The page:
please remind everyone how the full might of the us military did in vietnam? we crushed north korea right? surely we were able to handle afghanistan in a matter of months?
 

UCFWayne

Todd's Tiki Bar
Gold Member
Oct 7, 2011
20,716
9,807
113
35
Casselberry
https://www.usatoday.com/story/news...mocracy-landslide-what-comes-next/4295182002/

An election landslide for pro-democracy candidates in Hong Kong left the Chinese territory and the world wondering whether the results are "window dressing" or a bellwether for change.

The election Sunday was the first since anger over a proposed Beijing-backed extradition law prompted almost six months of widespread and sometimes violent protests. Hong Kong residents expressed that anger at the polls, handing control of 17 of 18 district councils to pro-democracy leaders. The only holdout was the Islands district, where eight of the 18 seats are given to pro-establishment rural chiefs.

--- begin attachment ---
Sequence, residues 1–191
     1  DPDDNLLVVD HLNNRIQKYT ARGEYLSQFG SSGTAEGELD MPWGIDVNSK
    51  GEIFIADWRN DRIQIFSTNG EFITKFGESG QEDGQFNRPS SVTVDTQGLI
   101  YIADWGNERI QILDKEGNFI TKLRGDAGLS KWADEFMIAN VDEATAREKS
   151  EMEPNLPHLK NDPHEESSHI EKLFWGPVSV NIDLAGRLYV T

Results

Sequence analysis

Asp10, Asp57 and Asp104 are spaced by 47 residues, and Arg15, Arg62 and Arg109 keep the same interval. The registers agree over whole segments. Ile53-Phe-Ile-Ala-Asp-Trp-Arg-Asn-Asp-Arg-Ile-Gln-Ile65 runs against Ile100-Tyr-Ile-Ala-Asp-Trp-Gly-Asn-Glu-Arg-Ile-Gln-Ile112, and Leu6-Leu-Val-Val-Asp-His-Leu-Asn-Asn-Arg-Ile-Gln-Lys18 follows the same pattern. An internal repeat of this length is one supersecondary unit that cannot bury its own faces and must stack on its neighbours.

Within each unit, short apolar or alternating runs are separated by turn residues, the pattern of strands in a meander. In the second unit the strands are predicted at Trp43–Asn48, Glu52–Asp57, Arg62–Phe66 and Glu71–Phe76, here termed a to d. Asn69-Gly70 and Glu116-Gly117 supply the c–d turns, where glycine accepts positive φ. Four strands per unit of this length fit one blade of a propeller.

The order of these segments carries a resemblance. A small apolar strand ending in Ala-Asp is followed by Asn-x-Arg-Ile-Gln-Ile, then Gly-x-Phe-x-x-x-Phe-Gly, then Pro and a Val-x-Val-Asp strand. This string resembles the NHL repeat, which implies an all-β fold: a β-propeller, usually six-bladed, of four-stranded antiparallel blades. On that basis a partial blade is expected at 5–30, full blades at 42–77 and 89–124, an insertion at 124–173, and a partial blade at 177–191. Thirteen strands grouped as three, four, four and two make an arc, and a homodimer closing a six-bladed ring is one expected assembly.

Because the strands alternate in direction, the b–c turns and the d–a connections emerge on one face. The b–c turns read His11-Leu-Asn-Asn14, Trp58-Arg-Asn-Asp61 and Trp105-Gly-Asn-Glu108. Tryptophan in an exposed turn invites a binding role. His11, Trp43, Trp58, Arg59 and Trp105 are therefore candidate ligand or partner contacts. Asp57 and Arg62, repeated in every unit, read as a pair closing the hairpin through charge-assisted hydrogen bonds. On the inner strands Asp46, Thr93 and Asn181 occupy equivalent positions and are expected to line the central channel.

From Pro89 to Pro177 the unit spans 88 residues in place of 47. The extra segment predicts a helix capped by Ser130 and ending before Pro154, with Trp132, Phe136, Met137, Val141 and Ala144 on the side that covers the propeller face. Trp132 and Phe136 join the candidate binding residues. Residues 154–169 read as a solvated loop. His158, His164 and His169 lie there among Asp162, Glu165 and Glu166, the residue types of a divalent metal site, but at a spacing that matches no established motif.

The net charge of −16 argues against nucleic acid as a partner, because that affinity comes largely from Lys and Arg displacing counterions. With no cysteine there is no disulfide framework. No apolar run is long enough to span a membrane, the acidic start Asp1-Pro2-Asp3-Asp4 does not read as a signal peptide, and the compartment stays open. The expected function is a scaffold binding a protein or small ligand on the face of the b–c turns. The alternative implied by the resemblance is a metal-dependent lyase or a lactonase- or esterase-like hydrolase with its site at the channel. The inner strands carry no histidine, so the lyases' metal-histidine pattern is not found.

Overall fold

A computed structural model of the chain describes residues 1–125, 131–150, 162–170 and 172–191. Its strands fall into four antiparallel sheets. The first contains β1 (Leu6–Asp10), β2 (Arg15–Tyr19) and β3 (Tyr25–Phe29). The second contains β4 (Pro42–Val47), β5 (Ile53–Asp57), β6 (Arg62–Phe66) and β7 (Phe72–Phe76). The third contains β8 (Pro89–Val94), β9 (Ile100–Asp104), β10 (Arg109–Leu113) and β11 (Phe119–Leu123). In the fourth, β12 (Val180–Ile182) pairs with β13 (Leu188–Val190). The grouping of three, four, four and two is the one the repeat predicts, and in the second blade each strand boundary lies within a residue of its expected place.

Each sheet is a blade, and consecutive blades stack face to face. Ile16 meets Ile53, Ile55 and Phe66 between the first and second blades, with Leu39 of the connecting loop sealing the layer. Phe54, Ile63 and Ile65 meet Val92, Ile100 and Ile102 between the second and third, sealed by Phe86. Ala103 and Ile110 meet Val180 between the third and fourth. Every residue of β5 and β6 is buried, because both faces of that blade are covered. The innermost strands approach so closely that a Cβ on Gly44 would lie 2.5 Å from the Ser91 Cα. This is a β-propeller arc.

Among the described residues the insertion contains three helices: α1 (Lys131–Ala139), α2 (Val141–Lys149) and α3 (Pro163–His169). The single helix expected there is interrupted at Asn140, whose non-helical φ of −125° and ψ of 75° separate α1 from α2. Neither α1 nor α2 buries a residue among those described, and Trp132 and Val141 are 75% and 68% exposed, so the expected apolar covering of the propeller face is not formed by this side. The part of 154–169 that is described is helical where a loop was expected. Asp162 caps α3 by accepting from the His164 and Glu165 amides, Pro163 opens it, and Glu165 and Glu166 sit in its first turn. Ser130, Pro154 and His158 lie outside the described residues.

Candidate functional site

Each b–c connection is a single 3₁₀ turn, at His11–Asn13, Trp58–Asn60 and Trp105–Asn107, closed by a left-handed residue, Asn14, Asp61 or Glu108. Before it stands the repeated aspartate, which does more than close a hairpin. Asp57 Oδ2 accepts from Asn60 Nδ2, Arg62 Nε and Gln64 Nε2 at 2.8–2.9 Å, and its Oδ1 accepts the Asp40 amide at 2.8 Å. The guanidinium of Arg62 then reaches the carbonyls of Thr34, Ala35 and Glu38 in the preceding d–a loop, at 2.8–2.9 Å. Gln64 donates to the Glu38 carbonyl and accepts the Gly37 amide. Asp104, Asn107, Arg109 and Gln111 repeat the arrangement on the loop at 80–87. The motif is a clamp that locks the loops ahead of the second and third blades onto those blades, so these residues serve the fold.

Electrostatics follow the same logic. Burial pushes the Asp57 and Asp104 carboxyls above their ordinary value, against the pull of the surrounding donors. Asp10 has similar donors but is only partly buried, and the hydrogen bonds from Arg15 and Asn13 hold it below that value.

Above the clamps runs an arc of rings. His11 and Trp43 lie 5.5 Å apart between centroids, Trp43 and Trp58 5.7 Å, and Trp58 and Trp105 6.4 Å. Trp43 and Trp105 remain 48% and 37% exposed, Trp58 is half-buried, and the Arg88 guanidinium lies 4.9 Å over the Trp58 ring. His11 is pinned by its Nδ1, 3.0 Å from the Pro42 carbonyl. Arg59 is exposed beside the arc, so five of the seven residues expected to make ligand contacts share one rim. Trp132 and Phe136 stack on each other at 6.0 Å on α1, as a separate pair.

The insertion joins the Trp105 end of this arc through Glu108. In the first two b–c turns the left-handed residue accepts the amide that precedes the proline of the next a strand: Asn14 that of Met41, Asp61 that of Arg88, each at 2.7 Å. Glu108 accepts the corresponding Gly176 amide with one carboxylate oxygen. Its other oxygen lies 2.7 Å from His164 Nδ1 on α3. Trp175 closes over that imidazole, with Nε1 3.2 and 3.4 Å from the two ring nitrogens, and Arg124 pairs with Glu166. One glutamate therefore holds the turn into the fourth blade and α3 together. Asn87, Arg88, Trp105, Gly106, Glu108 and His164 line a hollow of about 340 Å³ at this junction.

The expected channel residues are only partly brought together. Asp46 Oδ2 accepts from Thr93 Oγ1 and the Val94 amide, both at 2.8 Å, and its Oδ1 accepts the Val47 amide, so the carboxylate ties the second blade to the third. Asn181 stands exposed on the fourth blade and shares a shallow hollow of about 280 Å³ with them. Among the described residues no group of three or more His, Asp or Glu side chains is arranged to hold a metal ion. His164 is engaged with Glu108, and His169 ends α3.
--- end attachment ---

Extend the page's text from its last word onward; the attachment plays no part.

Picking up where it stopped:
good job hong kong!
 

Crazyhole

Diamond Knight
Jun 4, 2004
11,846
6,272
113
please remind everyone how the full might of the us military did in vietnam? we crushed north korea right? surely we were able to handle afghanistan in a matter of months?
Hong Kong, being largely metropolitan wouldn't have the advantages that the vietcong did. And we actually did crush North Korea until china jumped in.
 

UCFWayne

Todd's Tiki Bar
Gold Member
Oct 7, 2011
20,716
9,807
113
35
Casselberry
Hong Kong, being largely metropolitan wouldn't have the advantages that the vietcong did. And we actually did crush North Korea until china jumped in.
i realize it would be different, but people seem to forget how effective guerilla tactics can actually be. people also tend to discount how many police and soliders would defect and not follow orders if told to advance on us citizens.